I haven't posted a recipe in a while so I thought I'd start with this one. It's the only one I have a photo of right now SINCE MY COMPUTER WENT ROUGE. (Please, let's not talk about it...it royally sucks.)
Anyway, this was the first dish I made when I got back from Point Reyes. I had been eating healthfully for the week I was there but I also had been eating heartily...as in food that would allow me to put one foot in front of the other for eight to ten miles on the trail each day. So I was looking for something still on the healthy side but a little lighter. And whenever I have this kind of a craving, I know I'm looking for a recipe with just a few simple ingredients. Dishes like this allow one or two flavors to shine without having to step over other complicated layers of other flavors that can weigh a dish down.
I kind of found what I was looking for in a Ginger Bok Choy and Soba Noodles recipe from Appetite for Reduction, but after looking at the list of ingredients, I knew I wanted to jazz it up a little bit. And I'm glad I did. I think if I had followed the recipe to a T, it would have been lacking a bit in flavor. I'm all for light and low cal/low fat, but that doesn't have to mean you need to sacrifice taste. In the recipe below, I've added a few ingredients that weren't in the original one and I've increased amounts of ingredients already in there. I think it's a dish that still would be considered acceptable by those watching their waistline...I mean, seriously, how many calories can rice wine vinegar or soy sauce add?
What I liked about this meal was both the texture of the crunchy bok choy and the soft soba noodles playing off one another and the complementary flavors of fresh ginger, soy sauce, and seasoned rice wine vinegar (when those three come together it's like watching a dance perfected). Feel free to substitute with other veggies (broccoli for the bok choy would be nice or chopped scallions instead of the red onion) or noodles (udon or somen would work perfectly well here too). If you haven't tried gomasio yet (sesame salt), you need to. You can find it in the Asian section of grocery stores. Better yet, make it. It's ridiculously easy and it's an incredibly versatile condiment. I've included a recipe for it below.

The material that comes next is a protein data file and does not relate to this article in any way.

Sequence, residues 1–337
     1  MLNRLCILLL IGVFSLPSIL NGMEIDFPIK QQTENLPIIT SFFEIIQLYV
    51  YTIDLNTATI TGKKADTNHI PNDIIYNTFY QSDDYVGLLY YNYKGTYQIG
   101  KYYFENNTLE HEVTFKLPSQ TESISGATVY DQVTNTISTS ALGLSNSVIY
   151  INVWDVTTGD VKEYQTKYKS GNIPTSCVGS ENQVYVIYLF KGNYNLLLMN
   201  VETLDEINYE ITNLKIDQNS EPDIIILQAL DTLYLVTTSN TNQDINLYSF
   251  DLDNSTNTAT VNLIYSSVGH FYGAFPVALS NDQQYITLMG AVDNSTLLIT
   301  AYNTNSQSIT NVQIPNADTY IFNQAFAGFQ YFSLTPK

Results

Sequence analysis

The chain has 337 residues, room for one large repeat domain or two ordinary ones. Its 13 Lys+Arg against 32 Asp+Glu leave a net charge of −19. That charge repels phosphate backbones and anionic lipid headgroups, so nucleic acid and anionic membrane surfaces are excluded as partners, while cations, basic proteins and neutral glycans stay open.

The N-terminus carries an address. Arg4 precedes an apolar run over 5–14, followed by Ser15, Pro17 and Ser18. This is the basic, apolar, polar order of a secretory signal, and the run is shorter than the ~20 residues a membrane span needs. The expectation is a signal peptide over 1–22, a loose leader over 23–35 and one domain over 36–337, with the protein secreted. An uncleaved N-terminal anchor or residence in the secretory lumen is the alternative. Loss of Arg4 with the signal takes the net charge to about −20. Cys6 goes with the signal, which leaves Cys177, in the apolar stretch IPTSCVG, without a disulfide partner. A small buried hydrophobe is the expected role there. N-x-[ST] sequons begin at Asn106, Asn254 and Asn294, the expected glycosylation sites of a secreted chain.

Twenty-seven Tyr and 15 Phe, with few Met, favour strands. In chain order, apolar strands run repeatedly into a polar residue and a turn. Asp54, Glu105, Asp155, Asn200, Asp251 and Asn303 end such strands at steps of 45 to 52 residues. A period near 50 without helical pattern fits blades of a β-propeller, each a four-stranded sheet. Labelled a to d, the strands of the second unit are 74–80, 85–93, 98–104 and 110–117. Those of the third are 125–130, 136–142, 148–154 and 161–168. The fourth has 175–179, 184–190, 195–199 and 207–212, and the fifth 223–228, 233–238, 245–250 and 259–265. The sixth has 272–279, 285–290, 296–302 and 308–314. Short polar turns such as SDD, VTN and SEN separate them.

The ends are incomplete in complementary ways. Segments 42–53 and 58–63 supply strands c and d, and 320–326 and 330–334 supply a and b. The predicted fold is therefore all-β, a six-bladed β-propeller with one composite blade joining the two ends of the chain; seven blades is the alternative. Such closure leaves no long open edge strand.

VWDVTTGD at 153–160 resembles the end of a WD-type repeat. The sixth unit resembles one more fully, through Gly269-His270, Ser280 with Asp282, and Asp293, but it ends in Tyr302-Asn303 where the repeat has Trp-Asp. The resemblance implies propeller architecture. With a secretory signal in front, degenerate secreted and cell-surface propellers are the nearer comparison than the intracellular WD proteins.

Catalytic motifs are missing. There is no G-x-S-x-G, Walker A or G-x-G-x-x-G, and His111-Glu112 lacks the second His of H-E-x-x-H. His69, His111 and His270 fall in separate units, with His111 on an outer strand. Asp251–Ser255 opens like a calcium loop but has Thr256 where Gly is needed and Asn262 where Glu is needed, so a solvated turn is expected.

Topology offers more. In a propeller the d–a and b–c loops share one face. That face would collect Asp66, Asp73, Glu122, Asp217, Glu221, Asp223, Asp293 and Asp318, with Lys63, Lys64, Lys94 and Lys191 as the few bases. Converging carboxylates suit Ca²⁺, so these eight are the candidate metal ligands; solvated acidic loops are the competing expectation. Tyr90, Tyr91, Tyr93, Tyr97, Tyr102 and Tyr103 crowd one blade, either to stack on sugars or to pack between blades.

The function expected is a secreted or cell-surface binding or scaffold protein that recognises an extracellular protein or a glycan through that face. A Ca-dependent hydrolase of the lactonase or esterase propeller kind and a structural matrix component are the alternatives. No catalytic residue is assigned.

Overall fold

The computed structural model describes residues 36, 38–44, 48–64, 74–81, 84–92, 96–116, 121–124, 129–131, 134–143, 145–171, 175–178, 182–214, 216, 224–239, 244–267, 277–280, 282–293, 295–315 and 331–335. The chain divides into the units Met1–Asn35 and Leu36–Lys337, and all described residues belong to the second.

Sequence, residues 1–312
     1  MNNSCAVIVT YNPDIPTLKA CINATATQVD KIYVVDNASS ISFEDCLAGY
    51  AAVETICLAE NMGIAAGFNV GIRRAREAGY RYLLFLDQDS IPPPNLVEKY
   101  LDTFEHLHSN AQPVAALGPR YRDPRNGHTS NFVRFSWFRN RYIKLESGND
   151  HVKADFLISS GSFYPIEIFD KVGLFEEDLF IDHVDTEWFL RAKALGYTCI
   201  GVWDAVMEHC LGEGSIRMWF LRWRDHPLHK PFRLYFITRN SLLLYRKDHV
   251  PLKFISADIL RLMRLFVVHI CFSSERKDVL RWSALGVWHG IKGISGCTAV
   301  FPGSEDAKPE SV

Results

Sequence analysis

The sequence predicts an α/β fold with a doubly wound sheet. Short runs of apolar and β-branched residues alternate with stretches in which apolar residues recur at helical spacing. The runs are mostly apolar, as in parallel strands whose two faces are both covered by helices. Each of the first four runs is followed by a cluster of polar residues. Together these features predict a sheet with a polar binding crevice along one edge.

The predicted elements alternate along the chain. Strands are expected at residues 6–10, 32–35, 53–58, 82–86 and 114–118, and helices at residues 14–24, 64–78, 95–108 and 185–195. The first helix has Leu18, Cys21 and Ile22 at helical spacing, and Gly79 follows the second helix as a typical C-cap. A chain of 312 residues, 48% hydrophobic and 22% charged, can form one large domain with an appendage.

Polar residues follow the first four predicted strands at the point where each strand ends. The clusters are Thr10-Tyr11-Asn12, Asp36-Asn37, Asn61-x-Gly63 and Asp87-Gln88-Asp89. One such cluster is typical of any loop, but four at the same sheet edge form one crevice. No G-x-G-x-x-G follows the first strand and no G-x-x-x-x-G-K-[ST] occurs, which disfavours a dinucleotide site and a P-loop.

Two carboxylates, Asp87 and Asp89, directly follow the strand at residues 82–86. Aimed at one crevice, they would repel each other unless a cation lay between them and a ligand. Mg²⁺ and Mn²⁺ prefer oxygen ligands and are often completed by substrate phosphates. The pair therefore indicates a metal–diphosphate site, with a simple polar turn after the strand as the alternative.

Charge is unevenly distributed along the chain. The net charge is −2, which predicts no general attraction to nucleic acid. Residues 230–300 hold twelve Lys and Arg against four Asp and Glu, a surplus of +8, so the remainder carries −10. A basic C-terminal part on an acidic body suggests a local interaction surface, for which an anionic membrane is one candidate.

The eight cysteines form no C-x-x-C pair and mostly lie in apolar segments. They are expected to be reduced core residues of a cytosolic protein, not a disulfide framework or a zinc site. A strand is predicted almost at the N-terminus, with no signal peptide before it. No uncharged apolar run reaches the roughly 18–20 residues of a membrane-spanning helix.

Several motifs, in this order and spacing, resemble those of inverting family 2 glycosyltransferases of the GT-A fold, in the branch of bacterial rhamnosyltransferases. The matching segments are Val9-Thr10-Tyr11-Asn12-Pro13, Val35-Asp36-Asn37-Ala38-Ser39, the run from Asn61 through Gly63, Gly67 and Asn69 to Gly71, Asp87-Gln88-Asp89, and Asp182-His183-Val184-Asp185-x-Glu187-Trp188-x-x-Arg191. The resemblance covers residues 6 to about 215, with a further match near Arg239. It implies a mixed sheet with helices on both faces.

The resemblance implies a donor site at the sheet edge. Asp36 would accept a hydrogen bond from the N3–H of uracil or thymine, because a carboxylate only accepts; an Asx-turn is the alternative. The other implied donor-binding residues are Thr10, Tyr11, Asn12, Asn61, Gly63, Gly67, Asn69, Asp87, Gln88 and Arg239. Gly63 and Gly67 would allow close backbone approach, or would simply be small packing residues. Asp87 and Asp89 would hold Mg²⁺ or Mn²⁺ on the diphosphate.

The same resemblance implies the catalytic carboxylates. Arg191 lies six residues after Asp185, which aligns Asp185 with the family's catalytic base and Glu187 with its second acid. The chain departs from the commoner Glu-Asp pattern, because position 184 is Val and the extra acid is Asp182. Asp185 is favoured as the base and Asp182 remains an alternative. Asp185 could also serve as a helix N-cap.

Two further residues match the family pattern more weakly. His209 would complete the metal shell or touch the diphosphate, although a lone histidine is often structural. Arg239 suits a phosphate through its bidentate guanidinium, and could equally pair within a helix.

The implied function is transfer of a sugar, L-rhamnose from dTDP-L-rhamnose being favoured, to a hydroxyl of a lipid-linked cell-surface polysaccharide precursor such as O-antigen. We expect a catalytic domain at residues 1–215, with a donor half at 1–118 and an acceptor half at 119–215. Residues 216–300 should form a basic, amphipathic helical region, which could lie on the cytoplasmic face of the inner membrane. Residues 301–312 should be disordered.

Ginger Bok Choy and Soba Noodles
Inspired by the recipe of the same name from Appetite for Reduction Serves 4
- 8 or 9.5 oz. soba noodles
- 1 teaspoon veggie oil
- 3 bunches baby bok choy, leaves and stems separated, stems sliced across in 1/2-inch pieces
- 1 small red onion, cut into thinly sliced half moons
- 5 cloves garlic, minced
- 1 generous Tablespoon minced fresh ginger
- 1/4 teaspoon red pepper flakes
- 2 Tablespoons soy sauce
- 2 Tablespoons seasoned rice wine vinegar
- 1 Tablespoon Bragg Liquid Aminos OR 1 Tablespoon soy sauce
- Toasted sesame seeds or gomasio for garnish (optional, but highly recommended)
Prepare the soba noodles according to the package directions. Note: Since soba noodles take only a few minutes to cook, I prefer to let the water come to a boil as I'm cooking and then drop the noodles in AFTER I have everything all sautéed up. But feel free to prepare them ahead of time and set them aside, covered to keep them warm, until ready to use.
Preheat a large skillet over medium heat. Sauté the bok choy stems and the onion until the onion is translucent, about 5 minutes. Add the garlic, ginger, and red pepper flakes and sauté until fragrant, another minute or two. Add the bok choy leaves, soy sauce, and vinegar and sauté until the leaves begin to wilt.
Add the soba noodles and then Bragg Liquid Aminos (or extra soy sauce) to the pan and sauté for a final couple of minutes. The noodles will want to clump together so be sure to take a pasta spoon (or a couple of forks) to break things up and get everything mixed together. I added a few extra dashes of equal parts vinegar and soy sauce to help things along when I felt the noodles weren't cooperating.
Serve immediately topped with toasted sesame seeds or gomasio. This dish is also great cold and makes for a wonderful lunch the next day (if there is any leftover!).
To Make Gomasio:
Toast 1 teaspoon sea salt in a pan until it turns a light brown, set aside. Toast 6 Tablespoons sesame seeds in a pan until light brown. Combine the two and grind, using a mortar and pestle, until about 80% of the sesame seeds are ground. Store in an air-tight container for up to two weeks. This is fantastic sprinkled over roasted veggies, mashed potatoes, salads, popcorn, and anything else you'd add salt to.